SparkFun has quite a few GPS modules, but I prefer the EM406, because it uses the standard 5v power we're using on the dev board (as opposed to the EM408, which needs 3.3v) and has a handy red LED to show sat acquisition status (the 408 doesn't).

There are two difference between using the Parallax GPS module and a third-party one like the EM406. The first is that you've got to wire up a connector so the EM406's cable can plug into our Basic Stamp breadboard. The second is that while the Parallax GPS module has a "smart mode", where you can query the GPS module for a specific data field (lat, lon, # sats, etc) and it will return just that, most other modules such as the EM406 continuously output all their data in "NEMA sentences" that you have to parse.

The connector you need to wire up looks like this (right), and is simply made by cutting off one end of the connector cable and soldering (and covering with heat-shrink tubing) the wires to a six-pin segment of break-away headers. You can plug the header pins straight into your breadboard (we'll actually only be using three of the first four pins--ground, V+and tx--so if you want to use just a three-pin header you can.)

If you're planning to place the GPS module at some distance from the autopilot (like on the top of your plane's fuselage or on a wing, which is always a good idea to ensure the best reception), the cable construction process is a good time to splice longer wires on, too. Or, since we just use three of the six pins, you can use a standard servo extension cable, which fits the header strip and can plug into the Basic Stamp development board's servo port, just as easily.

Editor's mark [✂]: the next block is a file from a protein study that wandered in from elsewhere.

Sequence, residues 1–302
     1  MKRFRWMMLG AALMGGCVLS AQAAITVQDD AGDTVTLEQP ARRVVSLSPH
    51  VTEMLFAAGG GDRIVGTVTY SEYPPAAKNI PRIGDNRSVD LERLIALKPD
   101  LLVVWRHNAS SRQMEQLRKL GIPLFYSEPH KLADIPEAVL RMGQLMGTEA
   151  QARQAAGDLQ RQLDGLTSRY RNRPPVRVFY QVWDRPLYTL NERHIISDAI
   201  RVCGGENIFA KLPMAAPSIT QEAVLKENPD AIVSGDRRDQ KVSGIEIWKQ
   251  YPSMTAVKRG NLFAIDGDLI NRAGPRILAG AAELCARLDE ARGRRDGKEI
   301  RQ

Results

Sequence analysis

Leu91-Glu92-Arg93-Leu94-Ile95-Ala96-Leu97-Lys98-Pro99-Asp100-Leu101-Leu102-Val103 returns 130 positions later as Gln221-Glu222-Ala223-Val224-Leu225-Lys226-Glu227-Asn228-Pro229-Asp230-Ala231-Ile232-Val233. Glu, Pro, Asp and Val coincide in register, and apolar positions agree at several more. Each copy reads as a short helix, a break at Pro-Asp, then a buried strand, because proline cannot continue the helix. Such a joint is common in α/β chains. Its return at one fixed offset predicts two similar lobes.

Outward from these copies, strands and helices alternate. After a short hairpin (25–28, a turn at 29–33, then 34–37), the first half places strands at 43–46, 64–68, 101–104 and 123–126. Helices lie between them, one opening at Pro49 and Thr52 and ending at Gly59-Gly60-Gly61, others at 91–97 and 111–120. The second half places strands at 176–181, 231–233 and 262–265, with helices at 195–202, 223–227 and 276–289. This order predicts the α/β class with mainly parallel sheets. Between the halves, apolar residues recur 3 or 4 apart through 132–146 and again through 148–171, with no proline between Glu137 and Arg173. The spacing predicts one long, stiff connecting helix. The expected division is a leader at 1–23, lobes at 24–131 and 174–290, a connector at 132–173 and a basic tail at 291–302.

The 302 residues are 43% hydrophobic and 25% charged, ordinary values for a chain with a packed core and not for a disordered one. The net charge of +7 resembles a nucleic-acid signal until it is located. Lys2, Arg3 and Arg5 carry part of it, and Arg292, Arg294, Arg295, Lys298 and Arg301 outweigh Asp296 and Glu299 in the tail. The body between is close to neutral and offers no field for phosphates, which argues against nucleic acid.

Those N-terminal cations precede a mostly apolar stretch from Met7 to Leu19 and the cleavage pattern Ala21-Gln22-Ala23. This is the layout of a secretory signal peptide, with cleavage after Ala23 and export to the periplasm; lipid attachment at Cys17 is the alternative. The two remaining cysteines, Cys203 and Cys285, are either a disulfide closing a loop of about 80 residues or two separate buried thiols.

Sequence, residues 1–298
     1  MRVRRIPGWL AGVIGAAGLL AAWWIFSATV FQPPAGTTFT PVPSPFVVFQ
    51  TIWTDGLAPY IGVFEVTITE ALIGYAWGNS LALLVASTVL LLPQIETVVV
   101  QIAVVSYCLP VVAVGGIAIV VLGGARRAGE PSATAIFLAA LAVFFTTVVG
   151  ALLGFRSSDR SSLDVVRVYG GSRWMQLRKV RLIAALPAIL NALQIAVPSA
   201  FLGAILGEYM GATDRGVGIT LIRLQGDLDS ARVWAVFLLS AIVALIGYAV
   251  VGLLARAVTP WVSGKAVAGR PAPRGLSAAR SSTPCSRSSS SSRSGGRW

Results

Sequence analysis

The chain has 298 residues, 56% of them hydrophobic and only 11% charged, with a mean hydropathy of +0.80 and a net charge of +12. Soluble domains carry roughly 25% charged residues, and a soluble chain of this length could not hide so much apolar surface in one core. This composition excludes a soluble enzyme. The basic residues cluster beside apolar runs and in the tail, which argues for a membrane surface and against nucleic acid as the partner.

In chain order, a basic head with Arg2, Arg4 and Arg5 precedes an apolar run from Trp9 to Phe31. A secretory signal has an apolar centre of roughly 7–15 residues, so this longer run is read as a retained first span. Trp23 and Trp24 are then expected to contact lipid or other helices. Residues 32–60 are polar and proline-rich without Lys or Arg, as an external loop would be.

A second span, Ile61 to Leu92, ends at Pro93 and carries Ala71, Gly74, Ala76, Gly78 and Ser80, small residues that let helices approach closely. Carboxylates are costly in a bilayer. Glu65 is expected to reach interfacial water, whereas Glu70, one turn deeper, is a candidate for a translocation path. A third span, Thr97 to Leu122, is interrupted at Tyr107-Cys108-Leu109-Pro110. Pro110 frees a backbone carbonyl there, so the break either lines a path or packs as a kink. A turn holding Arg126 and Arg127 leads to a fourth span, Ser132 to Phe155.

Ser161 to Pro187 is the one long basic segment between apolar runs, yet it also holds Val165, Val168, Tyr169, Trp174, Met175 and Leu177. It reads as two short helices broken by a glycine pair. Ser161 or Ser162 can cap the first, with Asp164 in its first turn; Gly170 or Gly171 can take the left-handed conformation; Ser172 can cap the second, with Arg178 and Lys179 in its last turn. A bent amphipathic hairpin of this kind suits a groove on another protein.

All this is covered in more detail in this very handy tutorial. (The full series on that and code files are here). [UPDATE: that tutorial has an error in the EM406 pin diagram. The actual pins you need are 1 (ground), 2 (V+) and 4 (Tx). The proper instructions can be found here.]

Here's some Basic Stamp code I wrote that will test your GPS, displaying the NEMA sentences on your PC debug terminal. As always, change it if you're using a different pin for the GPS Tx (this code has it on pin 9) or if you're using a Stamp other than the BS2p (by modifying the "GPSBD CON 500" as instructed by the comments on that line)

The second thing you need to do is write a GPS parser to extract the data you need from these NEMA sentences for your autopilot code. Fortunately many have come before you, so you can just modify the code you need from this series of tutorials, or just roll your own. I haven't modified our own autopilot code yet to use this GPS module, but I'll get to that in the next week or so. [UPDATE: here it is]

Previous posts in this series:

Tutorial 1 -- Servos
Tutorial 2 -- Reading the Rx

Views: 1967

Comment by James Hall on January 4, 2008 at 10:55am
Hmm...and I just orderd the Parallax GPS module. Arrghh...

3D Robotics
Comment by Chris Anderson on January 4, 2008 at 11:07am
James,

Don't worry, it's good enough for most uses (I've flown very happily with it). It's also a lot more straightforward to use and better for beginners. I just wanted to ensure that those wanting to go to the next stage were served, too.

For some people with reception problems, the SIRF III boards are the solution. But unless you're flying in the shadows of skyscrapers or at the north pole, I'm sure the Parallax board will be good enough ;-)
Comment by James Hall on January 4, 2008 at 11:41am
Do either of these GPS modules, Parallax or Sparkfun, have a socket for a external antenna?

3D Robotics
Comment by Chris Anderson on January 4, 2008 at 12:15pm